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Length between perpendiculars

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Title: Length between perpendiculars  
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Subject: County-class cruiser, Devastation-class ironclad, USS Congress (1799), ARA Buenos Aires (1895), USS Chesapeake (1799)
Collection: Ship Measurements, Shipbuilding
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Length between perpendiculars

graphical representation of the dimensions used to describe a ship.

Length between perpendiculars (often abbreviated as p/p, p.p., pp, LPP, LBP or Length BPP) is the length of a ship along the waterline from the forward surface of the stem, or main bow perpendicular member, to the after surface of the sternpost, or main stern perpendicular member. When there is no sternpost, the centerline axis of the rudder stock is used as the aft end of the length between perpendiculars.[1]

Measuring to the stern post or rudder stock was believed to give a reasonable idea of the ship's carrying capacity, as it excluded the small, often unusable volume contained in her overhanging ends. On some types of vessels this is, for all practical purposes, a waterline measurement. In a ship with raked stems, naturally that length changes as the draught of the ship changes, therefore it is measured from a defined loaded condition.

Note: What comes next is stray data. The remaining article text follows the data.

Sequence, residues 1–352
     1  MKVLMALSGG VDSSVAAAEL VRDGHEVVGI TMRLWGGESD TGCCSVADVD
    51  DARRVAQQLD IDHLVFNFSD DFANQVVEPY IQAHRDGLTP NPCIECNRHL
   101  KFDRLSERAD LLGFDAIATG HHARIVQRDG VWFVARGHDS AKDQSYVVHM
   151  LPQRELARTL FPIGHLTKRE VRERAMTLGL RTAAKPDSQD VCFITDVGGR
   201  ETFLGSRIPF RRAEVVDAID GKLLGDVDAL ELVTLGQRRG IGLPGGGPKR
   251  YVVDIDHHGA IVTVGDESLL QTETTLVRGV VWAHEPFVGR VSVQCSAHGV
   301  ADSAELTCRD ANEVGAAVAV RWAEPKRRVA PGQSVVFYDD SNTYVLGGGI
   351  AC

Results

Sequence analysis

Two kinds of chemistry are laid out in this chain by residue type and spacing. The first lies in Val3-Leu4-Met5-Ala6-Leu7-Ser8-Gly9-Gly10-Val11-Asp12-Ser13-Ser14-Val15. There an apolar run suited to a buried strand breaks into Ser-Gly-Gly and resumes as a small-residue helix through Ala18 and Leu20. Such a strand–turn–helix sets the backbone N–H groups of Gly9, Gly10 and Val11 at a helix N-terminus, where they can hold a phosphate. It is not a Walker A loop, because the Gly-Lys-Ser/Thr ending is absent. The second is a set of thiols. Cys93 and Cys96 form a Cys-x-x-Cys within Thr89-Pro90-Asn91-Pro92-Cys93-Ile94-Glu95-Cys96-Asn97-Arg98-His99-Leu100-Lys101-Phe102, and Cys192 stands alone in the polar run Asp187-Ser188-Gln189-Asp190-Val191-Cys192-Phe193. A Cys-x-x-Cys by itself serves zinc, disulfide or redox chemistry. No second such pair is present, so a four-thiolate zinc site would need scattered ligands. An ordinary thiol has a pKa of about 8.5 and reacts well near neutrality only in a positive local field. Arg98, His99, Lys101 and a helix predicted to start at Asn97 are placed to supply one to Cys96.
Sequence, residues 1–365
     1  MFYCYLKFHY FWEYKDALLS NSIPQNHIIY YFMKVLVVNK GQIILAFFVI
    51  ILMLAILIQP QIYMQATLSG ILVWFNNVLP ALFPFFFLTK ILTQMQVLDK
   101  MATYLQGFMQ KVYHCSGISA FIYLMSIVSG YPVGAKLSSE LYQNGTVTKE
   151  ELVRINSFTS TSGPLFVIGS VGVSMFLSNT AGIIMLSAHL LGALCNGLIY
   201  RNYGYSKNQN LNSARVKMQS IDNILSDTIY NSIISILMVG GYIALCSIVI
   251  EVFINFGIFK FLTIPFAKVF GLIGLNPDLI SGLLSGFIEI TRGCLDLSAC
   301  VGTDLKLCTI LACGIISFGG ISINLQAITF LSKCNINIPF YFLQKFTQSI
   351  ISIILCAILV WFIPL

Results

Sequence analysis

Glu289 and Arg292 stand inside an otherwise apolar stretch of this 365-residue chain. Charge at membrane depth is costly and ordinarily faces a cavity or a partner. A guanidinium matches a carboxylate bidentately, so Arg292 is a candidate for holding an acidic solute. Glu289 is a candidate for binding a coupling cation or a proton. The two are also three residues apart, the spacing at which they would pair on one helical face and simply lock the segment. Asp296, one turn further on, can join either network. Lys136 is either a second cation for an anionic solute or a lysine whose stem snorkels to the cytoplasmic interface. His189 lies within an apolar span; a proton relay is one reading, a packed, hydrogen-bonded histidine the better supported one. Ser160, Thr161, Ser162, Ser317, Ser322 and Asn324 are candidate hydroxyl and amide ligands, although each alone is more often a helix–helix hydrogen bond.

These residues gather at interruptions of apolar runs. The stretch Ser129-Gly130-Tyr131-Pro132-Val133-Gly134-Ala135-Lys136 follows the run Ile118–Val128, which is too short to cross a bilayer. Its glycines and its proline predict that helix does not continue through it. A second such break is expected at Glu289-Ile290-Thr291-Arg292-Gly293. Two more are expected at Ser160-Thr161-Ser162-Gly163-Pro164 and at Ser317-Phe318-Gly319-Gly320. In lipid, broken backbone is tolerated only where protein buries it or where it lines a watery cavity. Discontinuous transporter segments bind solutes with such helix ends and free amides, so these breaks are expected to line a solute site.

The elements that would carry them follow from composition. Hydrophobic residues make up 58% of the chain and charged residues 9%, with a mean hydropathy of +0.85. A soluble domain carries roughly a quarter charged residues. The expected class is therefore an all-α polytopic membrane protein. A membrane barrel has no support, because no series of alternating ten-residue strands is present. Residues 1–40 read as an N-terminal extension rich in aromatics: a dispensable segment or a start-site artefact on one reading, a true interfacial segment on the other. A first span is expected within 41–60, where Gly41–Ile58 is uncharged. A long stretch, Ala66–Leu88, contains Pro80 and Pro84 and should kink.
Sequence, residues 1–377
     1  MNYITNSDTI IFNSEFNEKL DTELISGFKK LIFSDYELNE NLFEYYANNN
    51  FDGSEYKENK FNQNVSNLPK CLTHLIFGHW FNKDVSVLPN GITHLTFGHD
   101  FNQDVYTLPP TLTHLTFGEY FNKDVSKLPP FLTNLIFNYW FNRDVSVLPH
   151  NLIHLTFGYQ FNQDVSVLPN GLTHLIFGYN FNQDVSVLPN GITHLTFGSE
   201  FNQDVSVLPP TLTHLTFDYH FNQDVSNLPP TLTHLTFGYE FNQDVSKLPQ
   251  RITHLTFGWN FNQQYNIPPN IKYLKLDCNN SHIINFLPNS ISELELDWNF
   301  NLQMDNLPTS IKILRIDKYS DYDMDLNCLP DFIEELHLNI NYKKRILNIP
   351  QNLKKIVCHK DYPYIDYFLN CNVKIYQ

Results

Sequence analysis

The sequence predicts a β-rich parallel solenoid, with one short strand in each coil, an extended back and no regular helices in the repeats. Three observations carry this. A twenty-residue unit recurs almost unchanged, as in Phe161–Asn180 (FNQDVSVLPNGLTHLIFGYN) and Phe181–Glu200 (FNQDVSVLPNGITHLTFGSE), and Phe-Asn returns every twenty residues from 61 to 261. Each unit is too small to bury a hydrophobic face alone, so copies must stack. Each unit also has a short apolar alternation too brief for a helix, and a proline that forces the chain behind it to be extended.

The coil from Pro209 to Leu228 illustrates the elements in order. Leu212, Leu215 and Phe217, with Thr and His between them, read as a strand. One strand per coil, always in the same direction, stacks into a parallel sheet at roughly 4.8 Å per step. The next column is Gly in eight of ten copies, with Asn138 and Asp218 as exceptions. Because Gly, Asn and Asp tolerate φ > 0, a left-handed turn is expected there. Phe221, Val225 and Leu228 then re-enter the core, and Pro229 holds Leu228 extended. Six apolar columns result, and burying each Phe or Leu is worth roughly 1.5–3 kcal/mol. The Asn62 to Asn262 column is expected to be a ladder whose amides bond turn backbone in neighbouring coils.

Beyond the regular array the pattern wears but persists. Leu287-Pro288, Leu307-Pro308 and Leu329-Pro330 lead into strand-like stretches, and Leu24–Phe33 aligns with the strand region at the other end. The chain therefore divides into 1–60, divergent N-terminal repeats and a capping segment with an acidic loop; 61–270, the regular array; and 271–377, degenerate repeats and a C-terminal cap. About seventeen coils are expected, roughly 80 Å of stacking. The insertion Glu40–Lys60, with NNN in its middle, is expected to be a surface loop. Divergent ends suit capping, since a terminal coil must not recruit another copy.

See also

References

  1. ^ Perpendiculars and Length Between Perpendiculars
  • Hayler, William B.; Keever, John M. (2003). American Merchant Seaman's Manual. Cornell Maritime Pr.  
  • Turpin, Edward A.; McEwen, William A. (1980). Merchant Marine Officers' Handbook (4th ed.). Centreville, MD: Cornell Maritime Press.  

External links

  • Perpendiculars and Length Between Perpendiculars
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